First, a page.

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Today, the Food and Drug Administration took another step towards limiting the sale of sweet-flavored e-cigarettes in places where kids can buy them. But public health experts wonder if the move will be enough to make a dent in the massive increase of youth vaping.
After announcing plans in November to restrict the sale of e-cigarettes that come in kid-friendly flavors, the FDA today issued what’s called a “draft guidance” that starts to spell out how the agency intends to do so. For one thing, if the FDA catches companies marketing sweet-flavored e-cigarette products to kids or selling them in places minors can shop, the FDA may force these companies to pull the products from the market. FDA’s soon-to-be-ex-commissioner Scott Gottlieb said in a statement today: “We’re putting all manufacturers and retailers on notice.”
That means changing the way the FDA has been treating e-cigarette products that were introduced before August, 2016. In a backwards approval process, these essentially unregulated products are allowed to be sold while e-cigarette companies apply for FDA authorization to sell them. That application deadline has bounced around from 2018 to 2022. Today, the FDA proposed moving up the deadline to 2021 for flavored vapes, not including mint, menthol or tobacco flavors.
Excluding mint and menthol from this new push against flavored vapes worries public health experts like Kathleen Hoke, a law professor at the University of Maryland. “Those are flavors that are also quite popular among people,” she says. “They’re trying to draw a line, I see that, but I don’t think the line is in the best place for public health.”
In the meantime, the FDA plans to crack down especially on vapes marketed to kids. The new guidance emphasizes the restrictions the FDA already proposed in November, including limiting the sale of sweet-flavored vapes in places kids can freely access or in stores that have been caught selling to minors. Those restrictions include plans to take action against online stores that don’t independently check ages and IDs, and ones that fail to limit the number of products you can buy at any one time.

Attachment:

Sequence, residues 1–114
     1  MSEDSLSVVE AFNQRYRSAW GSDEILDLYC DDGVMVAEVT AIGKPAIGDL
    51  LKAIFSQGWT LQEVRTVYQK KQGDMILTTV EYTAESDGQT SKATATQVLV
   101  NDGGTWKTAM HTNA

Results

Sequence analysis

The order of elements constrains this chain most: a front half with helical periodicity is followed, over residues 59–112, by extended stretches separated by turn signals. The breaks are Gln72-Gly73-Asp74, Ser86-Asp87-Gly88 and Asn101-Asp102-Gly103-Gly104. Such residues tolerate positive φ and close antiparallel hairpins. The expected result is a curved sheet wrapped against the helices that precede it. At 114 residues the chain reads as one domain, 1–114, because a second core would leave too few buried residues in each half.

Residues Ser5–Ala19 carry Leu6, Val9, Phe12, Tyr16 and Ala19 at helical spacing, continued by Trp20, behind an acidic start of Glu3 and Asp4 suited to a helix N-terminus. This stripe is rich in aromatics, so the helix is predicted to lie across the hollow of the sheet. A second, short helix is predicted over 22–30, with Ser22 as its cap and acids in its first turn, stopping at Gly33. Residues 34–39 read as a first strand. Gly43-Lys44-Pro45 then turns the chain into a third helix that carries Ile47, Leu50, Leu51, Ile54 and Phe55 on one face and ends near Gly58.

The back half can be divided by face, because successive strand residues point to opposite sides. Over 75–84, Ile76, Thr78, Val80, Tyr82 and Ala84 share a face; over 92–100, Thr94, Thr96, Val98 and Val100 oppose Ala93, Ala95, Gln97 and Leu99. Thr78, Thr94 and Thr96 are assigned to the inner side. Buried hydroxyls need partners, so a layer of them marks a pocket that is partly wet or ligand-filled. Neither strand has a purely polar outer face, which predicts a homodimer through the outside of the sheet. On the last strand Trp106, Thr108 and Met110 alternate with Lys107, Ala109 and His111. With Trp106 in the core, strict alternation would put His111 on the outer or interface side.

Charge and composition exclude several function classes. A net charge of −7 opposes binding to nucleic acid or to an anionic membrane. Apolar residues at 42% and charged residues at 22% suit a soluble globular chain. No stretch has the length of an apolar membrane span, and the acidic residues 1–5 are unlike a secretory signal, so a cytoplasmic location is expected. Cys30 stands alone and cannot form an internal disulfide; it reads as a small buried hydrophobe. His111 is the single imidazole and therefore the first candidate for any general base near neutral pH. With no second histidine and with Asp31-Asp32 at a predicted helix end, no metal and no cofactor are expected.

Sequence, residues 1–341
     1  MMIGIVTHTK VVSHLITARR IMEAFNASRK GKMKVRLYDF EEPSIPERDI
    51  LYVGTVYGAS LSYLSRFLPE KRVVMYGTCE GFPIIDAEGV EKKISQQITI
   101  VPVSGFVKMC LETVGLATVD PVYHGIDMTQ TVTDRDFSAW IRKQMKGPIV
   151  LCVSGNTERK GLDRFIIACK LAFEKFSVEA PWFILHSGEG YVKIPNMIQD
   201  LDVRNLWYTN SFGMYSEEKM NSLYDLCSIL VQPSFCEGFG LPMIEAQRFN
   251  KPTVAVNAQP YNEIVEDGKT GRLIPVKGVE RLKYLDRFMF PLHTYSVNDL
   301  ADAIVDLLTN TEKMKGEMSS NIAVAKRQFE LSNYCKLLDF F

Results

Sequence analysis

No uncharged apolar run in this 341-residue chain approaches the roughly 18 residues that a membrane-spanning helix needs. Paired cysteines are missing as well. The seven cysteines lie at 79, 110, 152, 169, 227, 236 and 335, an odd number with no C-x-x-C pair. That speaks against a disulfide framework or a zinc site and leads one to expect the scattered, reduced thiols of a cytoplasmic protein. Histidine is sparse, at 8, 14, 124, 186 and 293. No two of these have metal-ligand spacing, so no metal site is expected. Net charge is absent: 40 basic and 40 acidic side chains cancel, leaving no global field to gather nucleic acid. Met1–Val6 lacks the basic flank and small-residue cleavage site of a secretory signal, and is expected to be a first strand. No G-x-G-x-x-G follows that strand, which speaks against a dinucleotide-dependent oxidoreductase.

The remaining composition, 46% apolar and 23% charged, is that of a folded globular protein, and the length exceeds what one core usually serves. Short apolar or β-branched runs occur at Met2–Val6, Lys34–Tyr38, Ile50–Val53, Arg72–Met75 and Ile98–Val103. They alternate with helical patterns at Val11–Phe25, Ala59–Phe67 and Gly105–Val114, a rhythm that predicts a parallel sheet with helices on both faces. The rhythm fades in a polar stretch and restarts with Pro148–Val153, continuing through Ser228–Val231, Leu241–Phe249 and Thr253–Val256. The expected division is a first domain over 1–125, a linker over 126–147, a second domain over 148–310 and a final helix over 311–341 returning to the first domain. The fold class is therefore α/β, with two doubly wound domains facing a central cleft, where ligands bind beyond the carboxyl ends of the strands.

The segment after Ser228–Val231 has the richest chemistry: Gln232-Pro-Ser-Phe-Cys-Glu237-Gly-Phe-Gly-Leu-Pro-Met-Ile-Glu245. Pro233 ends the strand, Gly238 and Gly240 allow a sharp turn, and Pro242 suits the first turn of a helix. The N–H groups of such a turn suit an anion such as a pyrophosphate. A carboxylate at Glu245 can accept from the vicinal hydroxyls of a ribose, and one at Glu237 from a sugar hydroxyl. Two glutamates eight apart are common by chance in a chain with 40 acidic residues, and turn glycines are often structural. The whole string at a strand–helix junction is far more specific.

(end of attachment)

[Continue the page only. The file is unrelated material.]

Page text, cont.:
The guidance isn’t limited to e-cigarettes: the FDA also plans to make manufacturers stop selling flavored cigars — including mint and menthol — that hit the market between 2007 and 2016 while the FDA considers whether to authorize their sale. Ultimately, flavored cigars might be banned altogether — although plans for that are still in their infancy. In today’s statement, the FDA said it’s “moving forward with a proposed rule to ban all characterizing flavors in cigars.”
Everything here is in draft form, so it could take a few months to go into effect. But the moves are all aimed at making sweet-flavored e-cigarettes less available, since study after study says they’re appealing to teens. Last year, the number of high school and middle school students who’d vaped in the past 30 days climbed to 3.6 million. The worry is that some of these kids who start vaping will transition to traditional cigarettes, which is backed up by a recent study and a massive report from the National Academy of Sciences, Engineering, and Medicine in January 2018.